Yesterday’s budget had some good news for retailers, especially on business rate reform, but this was overshadowed by a savage downgrade to GDP forecasts which will have a far more dramatic impact on the retail sector over the next five years.
GDP growth was downgraded from 2% to 1.5% in 2017, and is forecast at 1.4%, 1.3% and 1.3% in following years before returning to 1.5% in 2021; this pushes the reversal in GDP decline a further two years than expected, alongside disappointing forecasts for productivity and business investment.
Such a downbeat assessment of the country’s prospects will have implications for retail growth, although the OBR acknowledges that its forecast is clouded by the lack of information on the government’s policy on Brexit negotiations.
The good news was that following years of campaigning with little real progress, retailers have finally caught the ear of the government on business rates. Increases will be based on the CPI, rather than the permanently higher RPI, from April 2018 instead of 2020 as previously anticipated. This will save businesses £2.3bn over the next five years, with retailers seeing £210m of those benefits according to the BRC. Furthermore, the procedure surrounding business rate calculations will be reviewed every three years instead of every five, a key issue that the BRC had pushed for in its pre-budget report; the ensuing hope is that business rates will be closer related to the strength of the economy than before.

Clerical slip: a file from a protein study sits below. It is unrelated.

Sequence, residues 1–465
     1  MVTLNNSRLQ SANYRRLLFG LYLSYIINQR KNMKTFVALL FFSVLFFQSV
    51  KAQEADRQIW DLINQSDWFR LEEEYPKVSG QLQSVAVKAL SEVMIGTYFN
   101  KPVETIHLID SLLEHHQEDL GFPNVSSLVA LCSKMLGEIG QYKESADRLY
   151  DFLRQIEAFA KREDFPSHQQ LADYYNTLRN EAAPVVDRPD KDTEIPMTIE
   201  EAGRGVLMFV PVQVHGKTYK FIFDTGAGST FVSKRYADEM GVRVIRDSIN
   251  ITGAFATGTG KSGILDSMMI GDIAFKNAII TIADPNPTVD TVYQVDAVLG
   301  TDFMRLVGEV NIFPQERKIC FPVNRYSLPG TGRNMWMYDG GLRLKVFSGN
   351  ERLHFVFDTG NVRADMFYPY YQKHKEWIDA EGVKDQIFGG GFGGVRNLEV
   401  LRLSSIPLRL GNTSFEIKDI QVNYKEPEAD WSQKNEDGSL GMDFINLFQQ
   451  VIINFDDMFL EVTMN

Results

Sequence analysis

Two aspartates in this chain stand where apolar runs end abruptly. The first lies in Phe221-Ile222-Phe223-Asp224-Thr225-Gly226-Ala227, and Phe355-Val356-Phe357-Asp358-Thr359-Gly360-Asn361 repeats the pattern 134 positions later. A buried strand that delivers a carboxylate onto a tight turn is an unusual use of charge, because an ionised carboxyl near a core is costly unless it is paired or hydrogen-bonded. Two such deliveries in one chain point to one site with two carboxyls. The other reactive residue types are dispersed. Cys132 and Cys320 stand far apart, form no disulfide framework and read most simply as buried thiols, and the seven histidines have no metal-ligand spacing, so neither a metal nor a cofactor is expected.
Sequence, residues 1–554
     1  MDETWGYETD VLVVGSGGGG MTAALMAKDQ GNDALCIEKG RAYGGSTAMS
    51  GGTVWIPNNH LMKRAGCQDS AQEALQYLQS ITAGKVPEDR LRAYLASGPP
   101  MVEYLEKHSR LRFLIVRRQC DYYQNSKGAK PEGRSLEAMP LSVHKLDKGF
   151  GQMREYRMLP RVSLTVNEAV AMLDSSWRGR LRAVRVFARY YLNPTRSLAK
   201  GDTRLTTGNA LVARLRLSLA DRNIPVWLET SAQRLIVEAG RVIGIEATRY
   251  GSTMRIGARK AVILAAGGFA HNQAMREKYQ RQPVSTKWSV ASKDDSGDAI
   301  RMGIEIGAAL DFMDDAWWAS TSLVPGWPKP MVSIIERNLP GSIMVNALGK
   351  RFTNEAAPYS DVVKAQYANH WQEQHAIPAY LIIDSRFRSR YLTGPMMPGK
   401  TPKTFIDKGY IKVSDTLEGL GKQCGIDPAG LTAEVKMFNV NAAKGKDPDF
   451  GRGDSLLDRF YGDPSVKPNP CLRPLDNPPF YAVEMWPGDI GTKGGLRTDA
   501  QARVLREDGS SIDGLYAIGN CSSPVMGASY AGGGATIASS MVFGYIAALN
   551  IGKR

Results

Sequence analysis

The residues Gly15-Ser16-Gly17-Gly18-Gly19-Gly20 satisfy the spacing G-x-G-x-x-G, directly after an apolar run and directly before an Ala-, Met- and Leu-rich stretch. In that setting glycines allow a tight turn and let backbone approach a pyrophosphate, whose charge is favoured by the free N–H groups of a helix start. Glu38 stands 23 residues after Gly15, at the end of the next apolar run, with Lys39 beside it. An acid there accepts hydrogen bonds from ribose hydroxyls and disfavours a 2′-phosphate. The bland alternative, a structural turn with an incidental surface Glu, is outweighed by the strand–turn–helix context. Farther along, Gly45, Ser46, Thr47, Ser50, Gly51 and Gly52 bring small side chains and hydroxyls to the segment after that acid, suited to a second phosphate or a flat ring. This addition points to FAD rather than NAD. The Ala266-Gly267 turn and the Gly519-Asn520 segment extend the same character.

Retail chains have long complained that they are discriminated against as online pureplays’ business rates bills are so much lower, and while this will continue to be the case, there were changes aimed at tightening tax rules that apply to the likes of Amazon and eBay – marketplace sellers will now be jointly liable for VAT that sellers should charge consumers, and any attempts by overseas businesses to move royalties relating to UK sales to low-tax jurisdictions will incur income tax in the UK.
Retailers will hope that relief in personal taxation and wages will go some way to stimulate a boost in consumer spending. A minimum wage hike of 4.4 per cent (£7.50 to £7.83) and a 3 per cent increase in the personal tax allowance (£11,500 to £11,850) in April 2018 should partially offset inflation, though the OBR is forecasting negative real income growth every year through 2022. Small businesses will also be considering more optimistic investment plans as the VAT threshold is held at £85,000 for the next two years.
Home and DIY retailers will pick up further long-term gains with the expected boost of £44bn in capital, loans and guarantees committed to supporting housebuilding projects over the next five years, with a 300,000 net increase per year in homes built by the mid-2020s driving down prices and increasing affordability. A more short-term benefit is the headline-friendly scrapping of stamp duty for first-time buyers for the first £300,000 on purchases up to £500,000 (affecting 95 per cent of first time buyers), which should increase housing transactions in 2018.
Independent convenience retailers may not view the budget so kindly, due to a raft of tax increases that affect them more than others: a 2 per cent (3 per cent for hand-rolling) plus inflation increase for tobacco, coupled with a minimum excise duty rise in March, and a new tax on high-strength ‘white ciders’ (while a freeze is placed on duty for other wine, spirit and beers) increases pressure on shops where a larger proportion of sales comes from less affluent customers.
Thomas Brereton is Retail Analyst at GlobalData www.globaldata.com